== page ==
The cancellation of controversial conservative commentator Ann Coulter’s Ottawa talk seemed to Capital Diary to be due less to protesters and more to incompetent organizers. Those in charge of the event kept allowing people into the foyer of the lecture hall until occupants were in danger of being crushed. The two sets of doors that opened into that foyer became difficult to open with all the bodies pushing through, creating a serious safety hazard. (At one point the fire alarm was pulled.) Ottawa police officers, who are certainly used to dealing with large crowds, seasoned protesters and dignitaries (like Barack Obama) rolling through town, were on hand but decided to allow the crowd to grow as more and more people from the long line outside pushed in. Ten minutes before the event was to start, two organizers started to slowly check off names from an email list and let people in. It soon became obvious many of the hundreds of people in line who had been waiting for hours would not get in, yet organizers chose not to inform them, fuelling anger in the crowd. “Will we even get in?” people started shouting. Fifteen to 20 minutes after the first people had been let in, entry to the hall was stopped (even though lots of VIPs continued to get in through side doors). Around 8 p.m., with the hall about half full, the event was cancelled. Coulter was to have been introduced by Ezra Levant, who has had his own freedom of speech battles after he published the infamous Danish cartoons of the Prophet Muhammad in the Western Standard. But Levant notes that, compared to him, Coulter is in the big leagues when it comes to free speech. “She’s been pied,” he said. “When you look at who has been pied, it’s really big shots—premiers like Ralph Klein, Gail Shea, the ﬁsheries minister.” Could Levant have a case of pie envy? “When you’ve been pied,” he said, “you know you’ve reached a certain level.” Hoping to catch Coulter speak was her former editor. Doug Pepper, now president and publisher of McClelland & Stewart in Toronto, used to edit Coulter when he was working in New York. He happened to have business that day in Ottawa. “She took editing very well,” noted Pepper, who along with Levant ended up meeting Coulter for a bite to eat at the Fairmont Château Laurier where she was staying.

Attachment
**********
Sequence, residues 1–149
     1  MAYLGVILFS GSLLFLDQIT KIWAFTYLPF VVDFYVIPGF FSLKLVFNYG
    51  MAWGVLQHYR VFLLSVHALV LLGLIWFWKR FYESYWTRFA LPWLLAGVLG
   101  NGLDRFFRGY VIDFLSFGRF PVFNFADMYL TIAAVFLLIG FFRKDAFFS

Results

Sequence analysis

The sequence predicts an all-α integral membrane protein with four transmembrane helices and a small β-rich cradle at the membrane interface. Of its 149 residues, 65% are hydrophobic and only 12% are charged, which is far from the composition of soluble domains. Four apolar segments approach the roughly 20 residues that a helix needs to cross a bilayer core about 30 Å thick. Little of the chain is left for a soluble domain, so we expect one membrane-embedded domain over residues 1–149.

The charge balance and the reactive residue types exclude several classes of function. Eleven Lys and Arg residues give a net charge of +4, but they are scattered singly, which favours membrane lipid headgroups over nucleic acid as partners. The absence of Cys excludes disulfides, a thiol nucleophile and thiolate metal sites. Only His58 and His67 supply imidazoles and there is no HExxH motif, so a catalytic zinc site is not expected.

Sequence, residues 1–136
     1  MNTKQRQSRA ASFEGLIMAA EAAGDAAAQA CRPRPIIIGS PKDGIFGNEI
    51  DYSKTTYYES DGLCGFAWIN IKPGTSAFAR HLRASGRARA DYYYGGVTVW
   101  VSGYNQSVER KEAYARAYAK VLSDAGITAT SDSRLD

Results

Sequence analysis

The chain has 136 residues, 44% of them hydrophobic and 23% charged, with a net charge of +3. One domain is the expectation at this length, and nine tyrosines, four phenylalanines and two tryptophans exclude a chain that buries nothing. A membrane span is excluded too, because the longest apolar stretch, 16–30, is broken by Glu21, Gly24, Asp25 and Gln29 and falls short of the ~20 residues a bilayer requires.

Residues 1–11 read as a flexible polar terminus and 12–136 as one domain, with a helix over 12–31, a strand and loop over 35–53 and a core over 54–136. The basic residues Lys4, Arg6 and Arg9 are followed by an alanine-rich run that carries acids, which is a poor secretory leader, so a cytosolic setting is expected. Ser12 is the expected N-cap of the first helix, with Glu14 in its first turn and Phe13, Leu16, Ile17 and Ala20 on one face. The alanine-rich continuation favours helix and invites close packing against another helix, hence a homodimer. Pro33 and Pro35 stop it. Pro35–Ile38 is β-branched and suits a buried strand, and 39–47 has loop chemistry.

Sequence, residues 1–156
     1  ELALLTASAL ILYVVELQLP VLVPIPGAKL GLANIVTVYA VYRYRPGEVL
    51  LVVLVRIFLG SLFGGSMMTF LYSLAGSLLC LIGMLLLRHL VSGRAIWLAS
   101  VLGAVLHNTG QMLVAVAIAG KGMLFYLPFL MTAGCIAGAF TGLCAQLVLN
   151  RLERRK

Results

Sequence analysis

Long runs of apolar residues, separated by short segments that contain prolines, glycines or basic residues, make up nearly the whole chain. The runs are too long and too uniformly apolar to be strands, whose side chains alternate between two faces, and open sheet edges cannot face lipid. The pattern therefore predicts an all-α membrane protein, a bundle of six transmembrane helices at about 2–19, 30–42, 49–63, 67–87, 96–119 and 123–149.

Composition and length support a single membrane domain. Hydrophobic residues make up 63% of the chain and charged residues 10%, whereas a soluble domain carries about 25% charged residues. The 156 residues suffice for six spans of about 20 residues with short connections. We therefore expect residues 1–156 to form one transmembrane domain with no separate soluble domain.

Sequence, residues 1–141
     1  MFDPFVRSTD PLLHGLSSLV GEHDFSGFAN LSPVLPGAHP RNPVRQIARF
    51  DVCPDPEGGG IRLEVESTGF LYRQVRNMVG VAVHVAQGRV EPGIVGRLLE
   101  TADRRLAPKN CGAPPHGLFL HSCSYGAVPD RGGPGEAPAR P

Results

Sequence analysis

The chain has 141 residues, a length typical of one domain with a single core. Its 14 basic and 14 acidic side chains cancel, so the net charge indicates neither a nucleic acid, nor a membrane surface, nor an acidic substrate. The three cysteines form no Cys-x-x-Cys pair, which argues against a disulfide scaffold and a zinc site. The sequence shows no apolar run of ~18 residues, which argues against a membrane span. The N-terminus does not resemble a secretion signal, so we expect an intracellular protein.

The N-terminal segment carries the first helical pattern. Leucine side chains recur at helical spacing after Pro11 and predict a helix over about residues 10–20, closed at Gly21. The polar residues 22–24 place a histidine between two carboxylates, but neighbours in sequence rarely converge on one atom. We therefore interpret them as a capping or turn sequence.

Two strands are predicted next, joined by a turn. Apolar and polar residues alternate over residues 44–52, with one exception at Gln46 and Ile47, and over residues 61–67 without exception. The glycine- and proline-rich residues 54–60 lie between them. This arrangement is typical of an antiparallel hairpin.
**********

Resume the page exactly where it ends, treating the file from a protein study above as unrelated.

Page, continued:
Harper’s house just happens to be in his jurisdiction